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United States Department of Agriculture

Agricultural Research Service

Title: A Pcr-Based Assay for the Identification and Detection of Aphanomyces Euteiches

Authors
item Vandemark, George
item Kraft, John - RETIRED, USDA ARS
item Larsen, Richard
item Gritsenko, Marina - WSU, IAREC, PROSSER, WA
item Boge, William

Submitted to: Alfalfa Improvement Conference Proceedings
Publication Type: Proceedings
Publication Acceptance Date: June 1, 2000
Publication Date: July 1, 2000
Citation: VANDEMARK, G.J., KRAFT, J.M., LARSEN, R.C., GRITSENKO, M.A., BOGE, W.L. A PCR-BASED ASSAY FOR THE IDENTIFICATION AND DETECTION OF APHANOMYCES EUTEICHES. PROCEEDINGS OF THE 37TH NORTH AMERICAN ALFALFA IMPROVEMENT CONFERENCE, JULY 2000, P. 282. 2000.

Technical Abstract: Aphanomyces euteiches is a causal agent of root rot in alfalfa, peas, and bean. It is often difficult to detect the pathogen in an efficient and timely manner. We report here the development of sequence characterized amplified regions (SCARs) that differentiated all tested isolates of A. euteiches from other Aphanomyces sp. and from eight other genera of soilborne microbes, including closely related chromists such as Achlya sp. Phytopthora sp., and Pythium sp. The primer pair OPC7-FS30/OPC7-RS25 amplified a single PCR product of 1332 bp in all tested isolates of A. euteiches. The presence of the pathogen in plant roots could be confirmed with a protocol requiring less than 2 h for completion of both PCR and resolution by gel electrophoresis. A. euteiches could also be detected both in field grown plants and soil samples by amplification of the diagnostic SCAR. The SCAR sequence was also used to design primers and probes for quantitative PCR based on the detection of fluorescently-labeled amplicons We have designed two sets of primers and probes that have been successfully used with quantitative PCR to detect significant differences in inoculum levels of A. euteiches race 2 between the resistant check WAPH-5 and the susceptible checks WAPH-1 and Saranac. This protocol detects the pathogen in infected roots much earlier than can be done based on microscopic or microbiological techniques, and may provide a new tool for the study of processes of pathogenicity and virulence.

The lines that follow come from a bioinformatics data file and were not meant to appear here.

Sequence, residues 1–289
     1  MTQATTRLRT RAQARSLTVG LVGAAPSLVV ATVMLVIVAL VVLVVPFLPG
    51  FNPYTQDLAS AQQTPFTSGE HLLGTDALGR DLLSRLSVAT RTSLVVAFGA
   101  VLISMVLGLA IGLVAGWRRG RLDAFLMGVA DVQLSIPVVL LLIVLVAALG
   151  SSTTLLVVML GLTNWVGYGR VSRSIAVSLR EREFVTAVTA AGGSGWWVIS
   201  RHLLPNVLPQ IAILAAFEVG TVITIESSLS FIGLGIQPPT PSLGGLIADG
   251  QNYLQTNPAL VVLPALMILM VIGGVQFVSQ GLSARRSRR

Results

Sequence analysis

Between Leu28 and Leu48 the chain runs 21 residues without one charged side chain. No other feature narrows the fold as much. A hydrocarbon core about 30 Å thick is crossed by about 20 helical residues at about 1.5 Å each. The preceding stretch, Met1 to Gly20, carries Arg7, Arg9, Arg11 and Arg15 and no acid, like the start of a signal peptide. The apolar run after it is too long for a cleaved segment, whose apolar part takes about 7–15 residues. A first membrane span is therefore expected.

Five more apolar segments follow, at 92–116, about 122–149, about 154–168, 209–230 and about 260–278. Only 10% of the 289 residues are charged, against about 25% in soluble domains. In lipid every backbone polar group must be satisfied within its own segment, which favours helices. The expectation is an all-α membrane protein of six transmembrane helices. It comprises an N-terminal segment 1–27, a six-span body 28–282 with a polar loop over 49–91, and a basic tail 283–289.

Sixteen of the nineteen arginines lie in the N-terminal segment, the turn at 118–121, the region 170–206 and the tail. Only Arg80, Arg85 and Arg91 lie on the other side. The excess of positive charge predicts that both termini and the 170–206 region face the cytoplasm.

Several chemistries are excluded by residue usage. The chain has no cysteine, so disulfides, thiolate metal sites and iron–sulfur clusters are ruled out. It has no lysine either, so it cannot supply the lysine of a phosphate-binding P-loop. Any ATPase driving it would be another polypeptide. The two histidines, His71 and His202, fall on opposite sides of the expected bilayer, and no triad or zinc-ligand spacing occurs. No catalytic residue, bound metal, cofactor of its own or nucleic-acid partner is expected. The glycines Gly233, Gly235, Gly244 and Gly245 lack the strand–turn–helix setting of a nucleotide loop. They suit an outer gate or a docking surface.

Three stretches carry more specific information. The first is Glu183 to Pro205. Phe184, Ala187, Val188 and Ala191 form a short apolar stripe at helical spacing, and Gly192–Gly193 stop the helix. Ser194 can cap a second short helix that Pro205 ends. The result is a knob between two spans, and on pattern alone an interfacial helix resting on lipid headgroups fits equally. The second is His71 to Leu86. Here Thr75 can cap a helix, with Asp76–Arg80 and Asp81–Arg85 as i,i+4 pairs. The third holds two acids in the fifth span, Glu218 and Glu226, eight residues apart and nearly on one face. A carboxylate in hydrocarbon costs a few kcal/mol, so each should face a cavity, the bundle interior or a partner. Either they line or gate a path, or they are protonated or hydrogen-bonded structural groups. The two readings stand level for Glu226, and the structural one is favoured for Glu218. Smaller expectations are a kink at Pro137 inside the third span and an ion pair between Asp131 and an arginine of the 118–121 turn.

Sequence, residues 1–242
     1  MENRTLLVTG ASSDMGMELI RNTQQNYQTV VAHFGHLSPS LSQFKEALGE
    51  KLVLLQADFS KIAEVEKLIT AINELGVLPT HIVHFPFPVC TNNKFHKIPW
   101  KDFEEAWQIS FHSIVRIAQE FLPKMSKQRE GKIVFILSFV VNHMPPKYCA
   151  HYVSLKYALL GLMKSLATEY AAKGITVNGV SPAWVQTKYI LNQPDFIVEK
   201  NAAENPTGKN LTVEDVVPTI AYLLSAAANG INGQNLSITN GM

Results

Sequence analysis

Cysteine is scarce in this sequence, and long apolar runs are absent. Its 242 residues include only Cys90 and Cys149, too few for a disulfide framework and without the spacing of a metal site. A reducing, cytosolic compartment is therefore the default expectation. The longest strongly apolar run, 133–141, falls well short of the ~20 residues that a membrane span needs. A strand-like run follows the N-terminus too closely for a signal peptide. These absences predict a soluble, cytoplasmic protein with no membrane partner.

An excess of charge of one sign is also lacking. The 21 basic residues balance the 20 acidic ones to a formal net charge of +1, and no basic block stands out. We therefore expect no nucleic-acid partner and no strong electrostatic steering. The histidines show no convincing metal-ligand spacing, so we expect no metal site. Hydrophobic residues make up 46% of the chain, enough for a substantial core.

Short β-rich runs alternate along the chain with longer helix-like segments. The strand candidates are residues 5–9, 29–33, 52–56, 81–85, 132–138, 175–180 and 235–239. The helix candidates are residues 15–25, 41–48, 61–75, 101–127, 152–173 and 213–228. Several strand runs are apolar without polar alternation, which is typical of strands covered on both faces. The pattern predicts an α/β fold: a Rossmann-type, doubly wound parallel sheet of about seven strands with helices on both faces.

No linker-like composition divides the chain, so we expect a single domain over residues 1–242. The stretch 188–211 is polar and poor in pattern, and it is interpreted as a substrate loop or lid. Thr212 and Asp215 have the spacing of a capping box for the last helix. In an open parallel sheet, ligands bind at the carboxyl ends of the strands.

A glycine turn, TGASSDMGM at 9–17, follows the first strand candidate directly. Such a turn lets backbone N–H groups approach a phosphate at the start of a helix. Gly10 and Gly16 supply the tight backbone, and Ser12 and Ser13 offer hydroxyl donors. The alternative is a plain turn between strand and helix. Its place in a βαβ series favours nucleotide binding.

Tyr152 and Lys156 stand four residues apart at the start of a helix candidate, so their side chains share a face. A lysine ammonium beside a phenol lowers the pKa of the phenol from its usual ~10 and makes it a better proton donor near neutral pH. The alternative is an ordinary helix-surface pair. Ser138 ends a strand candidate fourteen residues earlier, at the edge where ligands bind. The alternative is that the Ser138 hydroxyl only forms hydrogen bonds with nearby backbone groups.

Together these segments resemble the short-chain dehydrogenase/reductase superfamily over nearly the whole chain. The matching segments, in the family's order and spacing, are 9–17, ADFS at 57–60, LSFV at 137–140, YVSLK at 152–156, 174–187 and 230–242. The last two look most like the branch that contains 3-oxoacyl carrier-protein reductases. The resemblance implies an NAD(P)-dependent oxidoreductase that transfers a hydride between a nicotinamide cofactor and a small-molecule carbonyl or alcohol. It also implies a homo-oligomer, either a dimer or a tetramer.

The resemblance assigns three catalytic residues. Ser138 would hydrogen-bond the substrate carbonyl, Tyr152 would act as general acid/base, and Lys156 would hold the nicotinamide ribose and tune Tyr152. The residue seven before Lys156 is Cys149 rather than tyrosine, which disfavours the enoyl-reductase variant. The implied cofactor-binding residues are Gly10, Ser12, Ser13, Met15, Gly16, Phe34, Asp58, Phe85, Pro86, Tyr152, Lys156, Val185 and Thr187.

Last Modified: 12/18/2014
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